In fact, there has been a 17.6 per cent rise over the 12 months to May. The Property Council of Australia pointed out that this is an encouraging sign for affordability, particularly for real estate in Sydney.

Executive Director Residential Mr Proud noted there were 70,000 more approvals in the past year than in the 12-month period to May 2012, with New South Wales in particular showing strong improvement. Some 57,088 new dwellings were approved in seasonally adjusted terms in NSW for the 12 months to May 2015, a 10 per cent rise on the same period to May 2014. This could represent an important step forward for reducing housing deficits and counteracting rapid price growth.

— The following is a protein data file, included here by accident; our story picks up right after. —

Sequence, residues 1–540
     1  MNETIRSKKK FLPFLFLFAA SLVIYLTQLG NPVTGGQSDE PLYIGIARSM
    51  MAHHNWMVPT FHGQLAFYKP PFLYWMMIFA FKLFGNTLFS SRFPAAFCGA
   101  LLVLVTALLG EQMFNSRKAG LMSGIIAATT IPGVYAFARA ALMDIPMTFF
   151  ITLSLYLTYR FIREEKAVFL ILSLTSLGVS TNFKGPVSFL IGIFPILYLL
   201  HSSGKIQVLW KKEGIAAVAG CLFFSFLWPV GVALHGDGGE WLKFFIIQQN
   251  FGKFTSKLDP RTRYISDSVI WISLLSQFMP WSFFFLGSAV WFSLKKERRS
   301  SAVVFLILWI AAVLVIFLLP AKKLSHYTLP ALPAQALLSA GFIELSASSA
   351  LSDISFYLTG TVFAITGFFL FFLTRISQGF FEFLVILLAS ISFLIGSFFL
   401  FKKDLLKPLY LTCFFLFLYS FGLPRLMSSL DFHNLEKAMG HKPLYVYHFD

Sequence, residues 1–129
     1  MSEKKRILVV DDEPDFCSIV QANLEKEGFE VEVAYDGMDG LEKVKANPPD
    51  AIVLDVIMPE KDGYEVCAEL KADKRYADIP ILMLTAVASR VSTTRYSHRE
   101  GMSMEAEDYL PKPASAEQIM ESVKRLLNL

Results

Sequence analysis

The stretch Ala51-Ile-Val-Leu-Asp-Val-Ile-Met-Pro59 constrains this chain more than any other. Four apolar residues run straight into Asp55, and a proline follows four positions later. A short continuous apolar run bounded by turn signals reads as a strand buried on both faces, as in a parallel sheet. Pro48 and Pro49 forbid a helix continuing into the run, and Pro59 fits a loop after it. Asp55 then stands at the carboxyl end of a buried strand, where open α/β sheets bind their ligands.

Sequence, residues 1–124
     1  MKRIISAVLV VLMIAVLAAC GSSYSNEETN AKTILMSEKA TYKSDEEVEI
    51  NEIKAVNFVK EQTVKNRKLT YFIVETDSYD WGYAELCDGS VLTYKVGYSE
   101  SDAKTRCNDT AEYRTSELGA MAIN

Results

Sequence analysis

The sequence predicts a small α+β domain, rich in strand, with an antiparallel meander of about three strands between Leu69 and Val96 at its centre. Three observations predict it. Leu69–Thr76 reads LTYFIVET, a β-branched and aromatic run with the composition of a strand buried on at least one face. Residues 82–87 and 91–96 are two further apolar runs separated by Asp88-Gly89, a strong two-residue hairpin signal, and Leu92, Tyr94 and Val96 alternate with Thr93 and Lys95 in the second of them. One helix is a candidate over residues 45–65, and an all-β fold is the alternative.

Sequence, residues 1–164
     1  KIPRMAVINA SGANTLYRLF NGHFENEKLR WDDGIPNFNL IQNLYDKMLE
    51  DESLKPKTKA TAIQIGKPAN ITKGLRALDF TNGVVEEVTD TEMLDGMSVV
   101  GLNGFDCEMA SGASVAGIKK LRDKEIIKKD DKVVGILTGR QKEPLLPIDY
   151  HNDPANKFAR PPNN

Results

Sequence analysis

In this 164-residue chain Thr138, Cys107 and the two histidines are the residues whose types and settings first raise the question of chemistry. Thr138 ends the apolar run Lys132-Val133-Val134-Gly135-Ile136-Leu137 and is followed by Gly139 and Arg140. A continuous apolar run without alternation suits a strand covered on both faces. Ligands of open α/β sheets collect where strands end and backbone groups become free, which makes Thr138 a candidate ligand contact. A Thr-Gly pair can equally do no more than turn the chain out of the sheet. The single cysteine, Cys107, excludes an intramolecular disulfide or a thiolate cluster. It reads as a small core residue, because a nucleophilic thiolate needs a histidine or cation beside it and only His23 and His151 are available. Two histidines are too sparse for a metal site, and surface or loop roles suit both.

“The only meaningful way to take the pressure off prices is to increase new housing supply,” Mr Proud said.

Strong growth in multi-unit properties

Construction activity has been especially strong in the apartment segment. Master Builders Australia said multi-unit approvals posted an all-time record in May, with 7,300 dwellings in buildings of four storeys or more approved over the period. While this means multi-unit homes for sale may be more accessible when completed, detached houses still face supply pressures.

Master Builders Chief Economist Peter Jones said policy restrictions on releasing greenfield land may be holding the industry back. This point was echoed by the Housing Industry Association (HIA), which highlighted a 15.1 per cent increase in multi-unit approvals during May. However, approvals for freestanding homes dropped 8.5 per cent over the month.

HIA Senior Economist Shane Garrett said this means policy makers need to do more work to ensure a steady supply of both affordable apartments and houses for sale.